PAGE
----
Personal hygiene in the 1700s was heavily maintained through a complicated balance of practicality, religious belief, and social position. Men and women living in colonial America washed their bodies and clothes with varying degrees of regularity, often falling victim to disease and disorder as a result.
Despite the differing attributes of the original colonies, colonial hygiene in the earliest cities and rural settlements in America always left a lot to be desired, with odors, dirt, and waste being inescapable parts of daily life. Middle- and upper-class people tried to avoid or mask common nuisances like insects, usually to no avail, while lower classes simply struggled to survive. A lack of hygiene didn't go unnoticed, however, with dirt and grime thought to be indicative of bad manners and sloth. With so many factors to consider, here's a look at what hygiene was like in early colonial times.
Outhouses And Privy Pots Were Used For Disposal Of All Kinds
Colonial households had outhouses - more accurately a covered hole in the ground - near their cabin. When individuals couldn't or didn't visit the outhouse, they could use the chamberpot inside. Chamberpots had to be emptied regularly, but were usually just dumped out of a window or near the house. In rural settings, people often lived near water sources. Human waste found its way into streams, rivers, and lakes, contaminating drinking water and spreading disease.
In urban centers like Philadelphia, however, privy pots excavated in 2014 revealed more than just typical household and human waste. When archaeologists found a dozen brick-lined privy shafts behind what was once an illegal tavern, they unearthed glasses, bottles, bowls, and drinking tankards. Other items included tanning supplies, wig curlers, and pottery made made and used by local artisans.
According to archaeologist Rebecca Yamin, the human waste was present but, more than anything, the find - which dates from right around the Revolutionary War - gave a sense of "people drinking and talking politics and arguing."
Early Colonists Had A Single Tool To Clean Their Ears And Teeth
Archaeologists discovered a silver earpicker at the site of the original fort at Jamestown during the 1990s. The instrument, which dates to the early decades of the 17th century, had a pointed pick at one end with a small scooping tool at the other. Earpicks were used as toothpicks, to clean out one's fingernails, and for a variety of hygienic tasks.
The spoon-like side of the earpicker may have been used to remove earwax, but it also proved useful in collecting the valuable material. In lieu of beeswax, earwax was applied to thread to prevent unraveling.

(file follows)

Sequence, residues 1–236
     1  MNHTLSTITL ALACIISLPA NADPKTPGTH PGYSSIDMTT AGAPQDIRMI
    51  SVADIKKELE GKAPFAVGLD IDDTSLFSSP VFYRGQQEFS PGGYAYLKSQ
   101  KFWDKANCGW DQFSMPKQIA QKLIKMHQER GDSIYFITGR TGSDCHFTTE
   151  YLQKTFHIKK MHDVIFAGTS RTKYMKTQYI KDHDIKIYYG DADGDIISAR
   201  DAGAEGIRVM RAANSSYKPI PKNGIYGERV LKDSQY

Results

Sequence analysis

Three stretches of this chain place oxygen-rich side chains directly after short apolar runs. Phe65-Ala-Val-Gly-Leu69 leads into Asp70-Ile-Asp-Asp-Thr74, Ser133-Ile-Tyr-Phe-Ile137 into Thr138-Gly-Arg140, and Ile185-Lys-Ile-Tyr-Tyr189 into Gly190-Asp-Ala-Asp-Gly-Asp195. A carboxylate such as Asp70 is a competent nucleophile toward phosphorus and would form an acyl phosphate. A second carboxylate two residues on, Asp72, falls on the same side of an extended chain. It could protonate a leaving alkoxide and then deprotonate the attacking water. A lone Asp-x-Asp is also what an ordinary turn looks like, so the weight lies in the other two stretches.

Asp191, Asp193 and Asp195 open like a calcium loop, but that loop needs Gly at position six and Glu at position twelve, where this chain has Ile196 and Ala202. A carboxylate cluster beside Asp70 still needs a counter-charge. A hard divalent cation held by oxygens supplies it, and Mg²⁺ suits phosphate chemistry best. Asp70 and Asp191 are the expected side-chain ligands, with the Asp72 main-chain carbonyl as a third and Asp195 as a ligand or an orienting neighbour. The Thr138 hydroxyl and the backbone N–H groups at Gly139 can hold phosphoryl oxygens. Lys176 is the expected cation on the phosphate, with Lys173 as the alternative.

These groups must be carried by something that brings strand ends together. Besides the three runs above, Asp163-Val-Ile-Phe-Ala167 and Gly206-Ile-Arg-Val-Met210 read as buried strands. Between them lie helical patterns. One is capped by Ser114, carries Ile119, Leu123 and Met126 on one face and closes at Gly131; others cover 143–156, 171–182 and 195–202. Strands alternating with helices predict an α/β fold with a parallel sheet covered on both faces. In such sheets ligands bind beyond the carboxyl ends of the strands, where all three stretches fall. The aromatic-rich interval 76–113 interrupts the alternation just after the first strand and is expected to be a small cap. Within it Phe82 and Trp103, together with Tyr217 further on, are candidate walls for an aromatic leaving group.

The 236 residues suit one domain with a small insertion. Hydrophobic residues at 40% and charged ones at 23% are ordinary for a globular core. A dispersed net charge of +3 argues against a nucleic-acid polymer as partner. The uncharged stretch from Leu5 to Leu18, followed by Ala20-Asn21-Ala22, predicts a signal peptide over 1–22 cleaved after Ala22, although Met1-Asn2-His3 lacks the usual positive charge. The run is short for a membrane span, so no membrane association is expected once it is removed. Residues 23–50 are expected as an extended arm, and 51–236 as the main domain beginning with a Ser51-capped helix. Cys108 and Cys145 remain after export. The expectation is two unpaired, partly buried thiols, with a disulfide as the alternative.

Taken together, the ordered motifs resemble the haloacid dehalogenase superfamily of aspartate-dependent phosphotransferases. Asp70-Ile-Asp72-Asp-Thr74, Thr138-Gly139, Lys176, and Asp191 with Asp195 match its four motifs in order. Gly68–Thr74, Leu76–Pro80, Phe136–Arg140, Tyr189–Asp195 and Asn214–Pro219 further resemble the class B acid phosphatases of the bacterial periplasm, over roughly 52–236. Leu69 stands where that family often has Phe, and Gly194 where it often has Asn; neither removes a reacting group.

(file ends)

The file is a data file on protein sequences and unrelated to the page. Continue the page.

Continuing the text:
Lye Soap Was Used For Clothing And Dishes, Not For Personal Care
Wealthy colonists may have imported fragrant soaps from Europe, but most colonists made their own soap or purchased it locally. Lye soap - made from a mixture of animal fat, lye, and ash - in colonial America was harsh and used only to clean clothes, dishes, and parts of the home. Lye soap was made with little regard for measuring, and the process itself was time-consuming and smelly.
The use of lye soap made doing laundry in colonial American that much more difficult. The harsh concoction, combined with hauling water, heating fires, wringing clothes, and hanging items to dry, added to the already exhausting task. As a result, only clothes that got the dirtiest - underwear, aprons, diapers - were washed with any amount of regularity.
Dysentery Was Common For Early Colonies
The general absence of sanitation in both rural and more heavily populated areas in colonial America meant the spread of disease. Outhouses and privy pots were often close to water sources and living quarters, while streets could be lined with animal waste, garbage, and refuse of all kinds. Common diseases included dysentery, cholera, and typhoid fever, ailments that were particularly prevalent during the hot summer months.
An outbreak of "bloody flux" in Boston in 1676 claimed the lives of numerous children in the city while the leader of Bacon's Rebellion, Nathaniel Bacon Jr., suddenly succumbed to the disease that same year. Outbreaks of the water-born disease broke out over and over again, striking civilians and soldiers alike. When George Washington and his troops camped at Valley Forge in December 1777, nearly two-thirds of Washington's 2,000 troop army perished of dysentery, typhoid, and influenza. The dangers of campaigning during the summer were not lost on military commanders, either, although outbreaks of disease may have contributed to colonial success as large numbers of British troops in the South fell victim to fevers of all kinds.